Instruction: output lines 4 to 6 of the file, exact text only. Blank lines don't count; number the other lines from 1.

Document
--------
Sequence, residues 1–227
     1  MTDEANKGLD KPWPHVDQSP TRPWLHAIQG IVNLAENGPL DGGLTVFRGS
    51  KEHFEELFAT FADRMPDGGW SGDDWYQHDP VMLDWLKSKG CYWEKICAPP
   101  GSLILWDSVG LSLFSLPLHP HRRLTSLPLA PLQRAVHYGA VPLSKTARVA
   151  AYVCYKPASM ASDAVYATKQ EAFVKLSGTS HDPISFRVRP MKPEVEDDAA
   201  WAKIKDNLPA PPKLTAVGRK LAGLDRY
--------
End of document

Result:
   101  GSLILWDSVG LSLFSLPLHP HRRLTSLPLA PLQRAVHYGA VPLSKTARVA
   151  AYVCYKPASM ASDAVYATKQ EAFVKLSGTS HDPISFRVRP MKPEVEDDAA
   201  WAKIKDNLPA PPKLTAVGRK LAGLDRY